You will no doubt be familiar with Python lists. In this section we will look at the abstract data type list, of which the Python list is an example. In the course of doing that, we will learn a few of the properties of Python lists that you might not be aware of.
What is a list
If you have used Python lists, then you most likely already have an idea of what a list is.
A more formal definition of a list is an abstract data type that holds a countable number of values, in a defined order, and where the same value may occur more than once.
This essentially means:
A list must have a finite number of elements (you can't create an infinitely long list in Python, although you can create infinite lazy streams.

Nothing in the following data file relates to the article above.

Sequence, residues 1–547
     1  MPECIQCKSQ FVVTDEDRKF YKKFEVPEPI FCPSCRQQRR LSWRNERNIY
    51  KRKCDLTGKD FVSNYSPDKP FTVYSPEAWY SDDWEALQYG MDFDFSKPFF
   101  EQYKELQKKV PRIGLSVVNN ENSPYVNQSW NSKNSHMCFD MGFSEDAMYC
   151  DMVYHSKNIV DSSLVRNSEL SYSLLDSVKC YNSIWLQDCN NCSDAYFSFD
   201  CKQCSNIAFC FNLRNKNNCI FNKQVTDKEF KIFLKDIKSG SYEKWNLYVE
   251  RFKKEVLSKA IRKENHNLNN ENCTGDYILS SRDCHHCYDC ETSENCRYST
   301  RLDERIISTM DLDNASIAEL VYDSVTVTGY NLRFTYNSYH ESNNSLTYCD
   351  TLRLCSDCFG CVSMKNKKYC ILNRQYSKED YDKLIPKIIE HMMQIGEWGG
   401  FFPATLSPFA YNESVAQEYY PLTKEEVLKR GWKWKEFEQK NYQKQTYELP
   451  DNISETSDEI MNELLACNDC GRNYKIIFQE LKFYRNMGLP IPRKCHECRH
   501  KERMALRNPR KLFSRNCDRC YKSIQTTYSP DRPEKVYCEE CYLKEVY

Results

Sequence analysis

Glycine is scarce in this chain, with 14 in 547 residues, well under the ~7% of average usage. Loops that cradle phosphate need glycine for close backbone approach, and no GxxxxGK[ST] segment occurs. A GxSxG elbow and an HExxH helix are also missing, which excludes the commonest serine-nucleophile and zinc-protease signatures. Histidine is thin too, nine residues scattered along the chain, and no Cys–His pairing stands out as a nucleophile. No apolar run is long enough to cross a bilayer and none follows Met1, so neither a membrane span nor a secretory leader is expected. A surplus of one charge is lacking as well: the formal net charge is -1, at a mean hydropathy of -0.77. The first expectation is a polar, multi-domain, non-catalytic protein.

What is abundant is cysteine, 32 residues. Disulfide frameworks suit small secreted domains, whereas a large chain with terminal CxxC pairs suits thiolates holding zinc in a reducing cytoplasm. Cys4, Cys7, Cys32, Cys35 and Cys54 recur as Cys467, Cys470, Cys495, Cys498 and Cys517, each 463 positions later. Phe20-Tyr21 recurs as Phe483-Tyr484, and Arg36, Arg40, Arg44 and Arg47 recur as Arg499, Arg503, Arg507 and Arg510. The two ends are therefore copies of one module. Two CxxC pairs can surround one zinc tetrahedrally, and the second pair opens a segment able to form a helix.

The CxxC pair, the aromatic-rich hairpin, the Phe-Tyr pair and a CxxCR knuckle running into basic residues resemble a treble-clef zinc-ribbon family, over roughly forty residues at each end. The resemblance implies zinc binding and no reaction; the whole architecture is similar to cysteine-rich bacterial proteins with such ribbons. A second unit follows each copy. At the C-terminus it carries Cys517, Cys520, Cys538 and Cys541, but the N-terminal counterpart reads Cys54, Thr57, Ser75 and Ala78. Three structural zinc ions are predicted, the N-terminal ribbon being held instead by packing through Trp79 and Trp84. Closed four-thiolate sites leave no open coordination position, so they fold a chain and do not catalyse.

Each element in the list has an index from 0 to n - 1, where n is the length of the list.
You can have more than one element with the same value. This makes it different from, say, a dictionary where each key must be unique.
The standard Python implementation, CPython, uses the first method, dynamic arrays. Other implementations are very likely to use the same method. Linked lists have advantages in certain circumstances, but for general usage dynamic arrays are likely to give better average performance.